Belarusian authorities initially vowed to crush unrest in the event of large-scale protests following the election. Later on, however, more subtle methods of attrition were used to subdue protesters. Lukashenko declared victory and defeat of "The Jeans Revolution", promising not to jail Milinkevich and Kozulin.
On 23 March the Constitutional Court of Belarus rejected the opposition's appeals. Lukashenko was inaugurated five days later.
On 24 March Belarusian police broke up days of protests in central Minsk against President Lukashenko's re-election, detaining about 460 demonstrators in an early hours sweep. The demonstrators had rejected police calls to leave the square, the focus of the protests. They had erected tents and kept protesting around the clock despite sub-zero temperatures at night. One of the detained protesters called Reuters by mobile phone and said they were being taken to a pre-trial detention centre in the capital.
On 25 March riot police clashed with protesters, forcing demonstrators back and hitting several with truncheons. One of the protesters was killed in the fight. Four explosions were reported, apparently percussion grenades set off by police. Many protesters were detained, including one of the opposition leaders, Alexander Kozulin, Russian news agencies reported. The main opposition leader, Alexander Milinkevich, denied reports by Russian news agencies that he himself was detained.
On 29 March Gazeta.ru reported that opposition leader Kozulin had been arrested and is facing up to 6 years in jail for organizing riots and hooliganism. Milinkevich faced 15 days for hooliganism.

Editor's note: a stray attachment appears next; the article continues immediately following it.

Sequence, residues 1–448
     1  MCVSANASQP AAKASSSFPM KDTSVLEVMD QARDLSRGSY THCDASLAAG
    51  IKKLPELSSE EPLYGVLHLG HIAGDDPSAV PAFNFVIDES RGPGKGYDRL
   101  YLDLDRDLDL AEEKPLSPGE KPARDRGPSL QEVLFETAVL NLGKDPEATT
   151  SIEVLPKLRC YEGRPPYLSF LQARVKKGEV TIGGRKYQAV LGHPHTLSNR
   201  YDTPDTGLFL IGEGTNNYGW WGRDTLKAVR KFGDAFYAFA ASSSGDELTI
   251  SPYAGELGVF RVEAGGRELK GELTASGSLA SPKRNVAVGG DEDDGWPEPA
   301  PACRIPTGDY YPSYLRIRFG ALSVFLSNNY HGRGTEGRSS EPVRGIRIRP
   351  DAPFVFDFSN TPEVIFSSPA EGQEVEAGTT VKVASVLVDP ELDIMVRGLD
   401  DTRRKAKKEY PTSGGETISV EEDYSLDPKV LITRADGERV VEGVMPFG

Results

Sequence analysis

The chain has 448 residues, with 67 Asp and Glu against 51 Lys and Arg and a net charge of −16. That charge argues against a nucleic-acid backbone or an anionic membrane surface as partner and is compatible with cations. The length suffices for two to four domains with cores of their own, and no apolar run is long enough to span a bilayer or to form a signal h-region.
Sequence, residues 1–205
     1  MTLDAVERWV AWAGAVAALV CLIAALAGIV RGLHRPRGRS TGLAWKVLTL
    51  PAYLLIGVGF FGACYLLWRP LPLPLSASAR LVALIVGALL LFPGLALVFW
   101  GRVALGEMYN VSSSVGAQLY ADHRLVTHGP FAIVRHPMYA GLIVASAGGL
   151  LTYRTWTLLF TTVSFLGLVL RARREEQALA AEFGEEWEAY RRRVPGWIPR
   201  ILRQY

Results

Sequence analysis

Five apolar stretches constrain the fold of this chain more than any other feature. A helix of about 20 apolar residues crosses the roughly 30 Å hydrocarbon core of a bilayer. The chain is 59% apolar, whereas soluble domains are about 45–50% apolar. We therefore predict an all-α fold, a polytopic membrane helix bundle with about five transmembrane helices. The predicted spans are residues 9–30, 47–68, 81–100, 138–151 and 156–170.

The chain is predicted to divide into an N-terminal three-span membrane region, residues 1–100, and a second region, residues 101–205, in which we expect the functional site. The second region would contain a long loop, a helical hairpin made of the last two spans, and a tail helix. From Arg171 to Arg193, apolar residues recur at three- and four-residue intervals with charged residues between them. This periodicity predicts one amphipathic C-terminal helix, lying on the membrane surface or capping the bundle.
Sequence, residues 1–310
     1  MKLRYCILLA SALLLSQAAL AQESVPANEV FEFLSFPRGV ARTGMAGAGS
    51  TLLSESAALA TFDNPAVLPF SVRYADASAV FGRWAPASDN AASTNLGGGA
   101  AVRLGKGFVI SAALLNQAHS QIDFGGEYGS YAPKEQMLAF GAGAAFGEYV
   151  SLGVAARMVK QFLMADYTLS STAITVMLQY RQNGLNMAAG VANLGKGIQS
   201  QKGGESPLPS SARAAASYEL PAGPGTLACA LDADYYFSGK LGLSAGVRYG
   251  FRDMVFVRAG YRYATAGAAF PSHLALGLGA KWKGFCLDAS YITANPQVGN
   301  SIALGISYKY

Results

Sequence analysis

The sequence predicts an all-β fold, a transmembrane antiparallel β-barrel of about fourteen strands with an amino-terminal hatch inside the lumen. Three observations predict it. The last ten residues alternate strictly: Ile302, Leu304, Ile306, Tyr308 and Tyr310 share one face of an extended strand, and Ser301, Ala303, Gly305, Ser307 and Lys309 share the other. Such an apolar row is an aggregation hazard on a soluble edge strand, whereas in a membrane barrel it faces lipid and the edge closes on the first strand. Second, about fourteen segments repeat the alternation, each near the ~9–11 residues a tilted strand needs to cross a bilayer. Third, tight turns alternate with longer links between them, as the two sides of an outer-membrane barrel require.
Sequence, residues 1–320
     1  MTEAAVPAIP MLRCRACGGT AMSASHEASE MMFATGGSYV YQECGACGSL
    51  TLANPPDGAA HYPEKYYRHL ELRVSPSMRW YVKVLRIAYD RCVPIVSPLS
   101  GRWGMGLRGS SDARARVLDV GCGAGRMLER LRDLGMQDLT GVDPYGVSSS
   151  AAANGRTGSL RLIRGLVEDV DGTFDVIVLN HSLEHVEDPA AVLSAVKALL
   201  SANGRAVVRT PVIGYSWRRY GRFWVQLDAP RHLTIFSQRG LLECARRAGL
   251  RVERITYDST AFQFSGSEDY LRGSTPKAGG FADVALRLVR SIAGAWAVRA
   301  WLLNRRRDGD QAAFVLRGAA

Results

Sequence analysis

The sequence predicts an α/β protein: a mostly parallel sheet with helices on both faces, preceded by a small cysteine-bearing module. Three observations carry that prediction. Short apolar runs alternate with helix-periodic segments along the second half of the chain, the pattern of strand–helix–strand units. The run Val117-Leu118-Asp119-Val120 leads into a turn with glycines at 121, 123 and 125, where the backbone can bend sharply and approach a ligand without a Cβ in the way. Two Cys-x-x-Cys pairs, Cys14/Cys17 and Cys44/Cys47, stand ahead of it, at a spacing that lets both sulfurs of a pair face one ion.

According to Moscow News, two journalists of the Belarus state television were allegedly beaten by opposition forces during an unsanctioned rally in Minsk and were hospitalized with severe injuries. Reporter of First Belarusian State Channel Mikhail Kristin suffered a concussion, and cameraman Dmitry Chumak suffered a spine injury. The journalists were injured during the Saturday unrest in the Belarusian capital. Members of opposition called it a lie.
After the results were announced, a mass rally assembled in October Square in Minsk, waving the banned white-red-white flag of independent Belarus, the flag of Europe, as well as flags of other countries such as Ukraine, Poland, Russia, Georgia, and even Armenia.
The crowd of demonstrators rallying after the election - estimated at 5,000 to 10,000  - was the biggest the opposition had mustered in years. The next day a tent camp was erected on October Square in downtown Minsk. The number of participants in the opposition rally varied from 300 in the morning to 5,000 in the evening. The main opposition leaders had called for the protests to keep up until Saturday, when a major rally is expected, coinciding with the anniversary of the creation of first independent Belarusian Republic in 1918. Despite this, on Friday night riot police were dispatched to the site of the protest and 377 (460, according to other sources) participants and journalists were arrested, effectively dismantling the demonstration. Most of the arrested people were sentenced to between 5 and 15 days in prison. There were Russian, Polish, Ukrainian, Canadian, and Georgian citizens among the arrested. The protests were documented in the movie "Kalinovski Square" by filmmaker Jury Chaščavacki.